View Full Version : Are support services at school tied to category of disability?

10-13-10, 03:46 PM
My son has ADHD and mild articulation issues and currently has an IEP for speech. He is a very good A-student but does have some issues in the classroom, mostly with non-compliance such as doing homework when the teacher is talking (he wants to stay busy at all times) and overall social skills. The IEP team and my husband and I are deciding what to do next (if anything) but the school claims that if he's labelled OHI, that he can't have speech and social work and if he's got 1) speech issues 2) attention issues and 3) social skills issues that he's going to need a different category such as ASD to 'cover' all these things. I didn't think that the child needed a specific label to get certain services. They also tried to tell me that they tend to reserve OHI for kids with true medical problems such as diabetes, etc. and the ADHD cases usually do fine with an accomodation plan or if they are severe enough they often fall under the ASD umbrella. Needless to say I'm not happy and his psychiatrist (who has spoken to team members) think that this is inappropriate.

10-14-10, 12:06 AM
They usually have a 'multiple disabilities' category, but generally, no, educations should be tailored to the student's individual needs. "Individualized" education doesn't mean they have categories to choose from which determine cookie cutter IEPs, but rather education tailored to student's individual needs...I would try and speak to a local special education advocate or attorney and get a sense of local laws and regulations, so you'll be better prepared to assert your rights, and push the issue if necessary.

10-14-10, 12:11 AM
Aren't schools more interested in funding categories? A student may have more than one disorder/disability, but doesn't the school have to choose one for the funding category? That doesn't mean that the student won't receive more than one service.

10-14-10, 03:35 AM

i'm unsure what ohi stands for...but when i was a kid i had specific accommodations (there was an actual list) for dyslexia that were somewhat different from those i later received based on adhd. some were the same (separate room for testing, time and a half) and some were different (required percentage of exams given orally, use of a spare blank sheet of paper and use of word processor/laptop). there may well have been other differences and similarities that i can't recall at the moment and i'm not 100% sure what i was 'classed' as, actually.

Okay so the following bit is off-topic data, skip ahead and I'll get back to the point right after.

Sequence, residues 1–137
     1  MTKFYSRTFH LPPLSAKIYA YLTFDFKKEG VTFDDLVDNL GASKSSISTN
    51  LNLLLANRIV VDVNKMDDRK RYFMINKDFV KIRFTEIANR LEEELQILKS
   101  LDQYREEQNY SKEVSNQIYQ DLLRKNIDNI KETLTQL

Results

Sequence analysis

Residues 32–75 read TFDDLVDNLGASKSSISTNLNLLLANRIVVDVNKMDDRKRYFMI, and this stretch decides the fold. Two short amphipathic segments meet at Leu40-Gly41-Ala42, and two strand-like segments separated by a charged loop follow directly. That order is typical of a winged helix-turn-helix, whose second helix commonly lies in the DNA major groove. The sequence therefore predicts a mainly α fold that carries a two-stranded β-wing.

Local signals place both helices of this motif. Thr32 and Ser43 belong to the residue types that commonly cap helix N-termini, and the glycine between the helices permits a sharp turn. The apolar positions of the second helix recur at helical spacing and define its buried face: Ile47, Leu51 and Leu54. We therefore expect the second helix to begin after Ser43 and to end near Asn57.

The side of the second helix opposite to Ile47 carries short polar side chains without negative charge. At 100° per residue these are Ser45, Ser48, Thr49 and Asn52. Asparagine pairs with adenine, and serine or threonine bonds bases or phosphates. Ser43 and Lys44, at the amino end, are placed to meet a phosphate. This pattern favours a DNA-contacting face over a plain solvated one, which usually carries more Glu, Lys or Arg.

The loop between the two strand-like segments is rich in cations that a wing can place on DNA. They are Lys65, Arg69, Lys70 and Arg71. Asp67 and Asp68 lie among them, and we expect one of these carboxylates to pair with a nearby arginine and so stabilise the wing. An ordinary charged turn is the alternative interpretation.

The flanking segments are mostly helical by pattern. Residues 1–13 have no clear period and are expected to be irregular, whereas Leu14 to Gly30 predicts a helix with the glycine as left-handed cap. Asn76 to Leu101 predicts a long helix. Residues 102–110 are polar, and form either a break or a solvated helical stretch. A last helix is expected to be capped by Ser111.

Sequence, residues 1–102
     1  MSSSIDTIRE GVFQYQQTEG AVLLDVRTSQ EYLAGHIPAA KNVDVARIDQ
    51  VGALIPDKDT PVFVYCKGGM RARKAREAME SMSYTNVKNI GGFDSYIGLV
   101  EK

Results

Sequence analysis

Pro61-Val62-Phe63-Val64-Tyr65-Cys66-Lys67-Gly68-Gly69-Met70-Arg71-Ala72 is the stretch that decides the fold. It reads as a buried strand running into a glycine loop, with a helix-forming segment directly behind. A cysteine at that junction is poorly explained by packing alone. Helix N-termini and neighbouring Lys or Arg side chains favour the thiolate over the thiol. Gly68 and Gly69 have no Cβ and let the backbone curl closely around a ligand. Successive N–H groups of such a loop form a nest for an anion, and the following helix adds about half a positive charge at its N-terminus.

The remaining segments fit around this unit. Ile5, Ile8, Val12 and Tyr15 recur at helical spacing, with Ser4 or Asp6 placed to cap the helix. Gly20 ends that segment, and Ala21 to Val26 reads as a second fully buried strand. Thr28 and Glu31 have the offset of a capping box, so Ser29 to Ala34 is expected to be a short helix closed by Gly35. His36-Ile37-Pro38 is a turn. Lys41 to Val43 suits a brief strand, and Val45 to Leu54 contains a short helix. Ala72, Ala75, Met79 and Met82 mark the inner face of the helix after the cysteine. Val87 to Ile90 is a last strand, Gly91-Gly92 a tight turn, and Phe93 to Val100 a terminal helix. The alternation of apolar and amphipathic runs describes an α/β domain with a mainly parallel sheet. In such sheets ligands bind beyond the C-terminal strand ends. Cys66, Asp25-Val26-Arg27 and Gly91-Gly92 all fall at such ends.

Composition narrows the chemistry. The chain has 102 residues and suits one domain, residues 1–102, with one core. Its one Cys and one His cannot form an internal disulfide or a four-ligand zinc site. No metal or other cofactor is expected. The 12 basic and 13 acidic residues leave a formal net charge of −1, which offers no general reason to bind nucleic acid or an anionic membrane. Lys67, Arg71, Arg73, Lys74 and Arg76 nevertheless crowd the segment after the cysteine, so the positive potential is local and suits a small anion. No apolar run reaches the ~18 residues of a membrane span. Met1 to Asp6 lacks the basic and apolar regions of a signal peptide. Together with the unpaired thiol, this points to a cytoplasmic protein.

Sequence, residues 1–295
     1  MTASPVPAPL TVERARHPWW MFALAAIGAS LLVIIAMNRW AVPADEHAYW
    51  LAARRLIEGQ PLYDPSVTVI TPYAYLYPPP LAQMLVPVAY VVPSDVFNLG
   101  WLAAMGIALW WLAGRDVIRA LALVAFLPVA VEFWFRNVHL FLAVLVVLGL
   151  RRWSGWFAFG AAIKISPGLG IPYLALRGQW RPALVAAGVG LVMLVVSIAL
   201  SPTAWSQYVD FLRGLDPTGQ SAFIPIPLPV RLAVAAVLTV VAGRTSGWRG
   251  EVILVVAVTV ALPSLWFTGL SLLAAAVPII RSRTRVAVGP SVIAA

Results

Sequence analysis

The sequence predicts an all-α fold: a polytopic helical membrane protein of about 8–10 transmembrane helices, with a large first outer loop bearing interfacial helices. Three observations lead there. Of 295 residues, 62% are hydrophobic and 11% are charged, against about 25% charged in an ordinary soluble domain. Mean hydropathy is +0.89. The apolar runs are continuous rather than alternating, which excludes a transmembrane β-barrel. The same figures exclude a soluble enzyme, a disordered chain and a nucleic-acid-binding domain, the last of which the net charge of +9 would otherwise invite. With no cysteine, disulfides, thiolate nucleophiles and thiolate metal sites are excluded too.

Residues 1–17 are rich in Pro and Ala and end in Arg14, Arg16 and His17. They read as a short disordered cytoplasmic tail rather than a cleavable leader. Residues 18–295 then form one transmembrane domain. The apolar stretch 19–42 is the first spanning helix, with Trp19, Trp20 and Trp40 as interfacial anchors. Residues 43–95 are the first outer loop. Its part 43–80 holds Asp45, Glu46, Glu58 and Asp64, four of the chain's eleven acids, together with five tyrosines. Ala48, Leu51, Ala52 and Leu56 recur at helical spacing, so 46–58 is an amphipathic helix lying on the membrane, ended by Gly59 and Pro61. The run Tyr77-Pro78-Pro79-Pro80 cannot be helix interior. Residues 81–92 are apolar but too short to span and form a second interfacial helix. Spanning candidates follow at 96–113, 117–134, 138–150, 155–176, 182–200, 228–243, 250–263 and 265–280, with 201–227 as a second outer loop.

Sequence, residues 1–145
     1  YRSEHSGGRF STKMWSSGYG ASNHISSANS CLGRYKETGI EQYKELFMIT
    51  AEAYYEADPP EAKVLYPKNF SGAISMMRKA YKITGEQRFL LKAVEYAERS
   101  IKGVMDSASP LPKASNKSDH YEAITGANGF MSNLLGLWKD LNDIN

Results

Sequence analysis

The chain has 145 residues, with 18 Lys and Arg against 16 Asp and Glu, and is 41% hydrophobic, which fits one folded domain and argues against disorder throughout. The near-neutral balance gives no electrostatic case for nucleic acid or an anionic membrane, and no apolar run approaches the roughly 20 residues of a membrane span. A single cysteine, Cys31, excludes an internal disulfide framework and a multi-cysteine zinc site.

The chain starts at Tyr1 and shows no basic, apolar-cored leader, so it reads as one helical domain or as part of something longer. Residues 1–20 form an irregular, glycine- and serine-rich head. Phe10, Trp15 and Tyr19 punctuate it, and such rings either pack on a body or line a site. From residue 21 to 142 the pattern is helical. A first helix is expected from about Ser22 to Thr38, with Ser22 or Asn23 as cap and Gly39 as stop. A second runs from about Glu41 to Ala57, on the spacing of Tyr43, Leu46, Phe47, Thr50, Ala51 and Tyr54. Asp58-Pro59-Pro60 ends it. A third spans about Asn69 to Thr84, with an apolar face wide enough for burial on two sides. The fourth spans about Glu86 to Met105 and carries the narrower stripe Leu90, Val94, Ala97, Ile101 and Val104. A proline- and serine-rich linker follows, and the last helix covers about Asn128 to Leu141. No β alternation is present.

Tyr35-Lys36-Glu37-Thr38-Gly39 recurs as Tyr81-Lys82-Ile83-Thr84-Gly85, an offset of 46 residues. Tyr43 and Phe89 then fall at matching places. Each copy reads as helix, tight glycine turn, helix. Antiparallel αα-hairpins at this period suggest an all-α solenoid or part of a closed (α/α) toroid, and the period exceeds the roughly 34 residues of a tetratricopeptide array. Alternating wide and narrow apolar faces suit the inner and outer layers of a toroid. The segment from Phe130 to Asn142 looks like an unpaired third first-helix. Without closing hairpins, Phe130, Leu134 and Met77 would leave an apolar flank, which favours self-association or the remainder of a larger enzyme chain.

my experience may be a dated one and there are considerable differences now. however, the accommodations i received were definitely tailored to my specific issues. i truly can't see how NOT doing that would make sense if the goal is to actually give reasonable accommodation and help children in need of additional support. to make a blanket list of what's acceptable and make the either/or restrictions seems no only unhelpful, but also illegal. i mean, isn't that analogous to saying a wheelchair-bound deaf child can only get an access ramp or instruction in sign language, but not both? i see them saying your son can only receive this *or* that support, but not both types (if he has both types of concerns) as failing to actually provide reasonable accommodations for *him*.

i don't really konw how these things can be applied though and i'm speaking omre from what seems logical than what the law actually says. i think apsj's suggestion of finding an attorney or other advocate is the best plan so you are in a better position to call them on any attempts to deny your son legitimate reasonable accommodations.

10-14-10, 11:12 AM
Thanks everyone! I think we are going to work with an advocate because I suspect what they are trying to do is illegal.